Converting

Conversions

Converting Date/Time without time zone information

To convert from a ZonedDateTime into a vanilla DateTime, one can use the DateTime constructor. Just passing in the ZonedDateTime will directly drop the time zone, and passing in UTC as the second argument will extract the time as UTC instead. Note: The canonical way to represent datetimes is generally in UTC, as this is a requirement to correctly compute the Unix Timestamp.

julia> zdt = ZonedDateTime(2014, 5, 30, 21, tz"UTC-4")
2014-05-30T21:00:00-04:00

julia> DateTime(zdt)
2014-05-30T21:00:00

julia> DateTime(zdt, UTC)
2014-05-31T01:00:00

Similar can be done for Date and Time:

julia> zdt = ZonedDateTime(2014, 5, 30, 21, tz"UTC-4")
2014-05-30T21:00:00-04:00

julia> Date(zdt)
2014-05-30

julia> Date(zdt, UTC)
2014-05-31

julia> Time(zdt)
21:00:00

julia> Time(zdt, UTC)
01:00:00

Switching Time Zones

Switching an existing ZonedDateTime from one TimeZone to another can be done with the function astimezone:

julia> zdt = ZonedDateTime(2014, 1, 1, tz"UTC")
2014-01-01T00:00:00+00:00

julia> astimezone(zdt, tz"Asia/Tokyo")
2014-01-01T09:00:00+09:00

Parsing strings

ZonedDateTime parsing extends the functionality provided by Dates. If you haven't already it is recommended that you first read the official Julia manual on Date and DateTime. The TimeZones package adds z and Z to the list of available parsing character codes:

CodeMatchesComment
z+04:00, +0400, UTC+4Matches a numeric UTC offset
ZAsia/Dubai, UTCMatches names of time zones from the TZ database

Note that with the exception of "UTC" and "GMT" time zone abbrevations cannot be parsed using the Z character code since most abbreviations are ambiguous. For example abbreviation "MST" could be interpreted as "Mountain Standard Time" (UTC-7) or "Moscow Summer Time" (UTC+3:31).

Parsing a ZonedDateTime just requires the text to parse and a format string:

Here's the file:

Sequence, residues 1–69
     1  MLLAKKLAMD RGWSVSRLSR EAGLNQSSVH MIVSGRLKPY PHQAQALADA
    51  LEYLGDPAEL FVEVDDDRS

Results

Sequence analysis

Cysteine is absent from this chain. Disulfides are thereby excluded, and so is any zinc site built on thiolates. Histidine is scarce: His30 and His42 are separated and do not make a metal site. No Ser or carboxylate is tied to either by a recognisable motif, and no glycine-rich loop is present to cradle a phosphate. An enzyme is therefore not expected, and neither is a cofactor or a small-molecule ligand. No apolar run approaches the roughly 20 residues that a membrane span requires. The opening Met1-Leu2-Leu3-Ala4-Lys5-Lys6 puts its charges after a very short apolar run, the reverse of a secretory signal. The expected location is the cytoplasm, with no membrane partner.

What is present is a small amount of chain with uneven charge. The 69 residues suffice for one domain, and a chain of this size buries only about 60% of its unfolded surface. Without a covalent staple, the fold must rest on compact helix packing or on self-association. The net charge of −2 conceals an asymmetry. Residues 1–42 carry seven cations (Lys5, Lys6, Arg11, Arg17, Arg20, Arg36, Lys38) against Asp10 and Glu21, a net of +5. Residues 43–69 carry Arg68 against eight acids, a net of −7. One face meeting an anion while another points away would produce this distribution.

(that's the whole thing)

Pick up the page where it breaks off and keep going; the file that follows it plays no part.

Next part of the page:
julia> ZonedDateTime("20150101-0700", "yyyymmddzzzz")
2015-01-01T00:00:00-07:00

julia> ZonedDateTime("2015-08-06T22:25:31+07:00", "yyyy-mm-ddTHH:MM:SSzzzz")
2015-08-06T22:25:31+07:00

When parsing several ZonedDateTime strings which use the same format you will see better performance if you first create a Dates.DateFormat instead of passing in a raw format string.

julia> df = Dates.DateFormat("yy-mm-ddz");

julia> ZonedDateTime("2015-03-29+01:00", df)
2015-03-29T00:00:00+01:00

julia> ZonedDateTime("2015-03-30+02:00", df)
2015-03-30T00:00:00+02:00

Formatting strings

Formatting a ZonedDateTime as a string also extends the functionality provided by Base.Dates. The TimeZones package adds the new formatting character codes z and Z to the list of available formatting character codes:

CodeExamplesComment
z+04:00Numeric UTC offset
ZGST, UTCTime zone abbreviation

It is recommended that you prefer the use of the z character code over Z time zone abbreviations can be interpreted in different ways.

Formatting uses the Dates.format function with a ZonedDateTime and a format string:

julia> zdt = ZonedDateTime(2015, 8, 6, 22, 25, tz"Europe/Warsaw")
2015-08-06T22:25:00+02:00

julia> Dates.format(zdt, "yyyymmddzzzz")
"20150806+02:00"

julia> Dates.format(zdt, "yyyy-mm-dd HH:MM ZZZ")
"2015-08-06 22:25 CEST"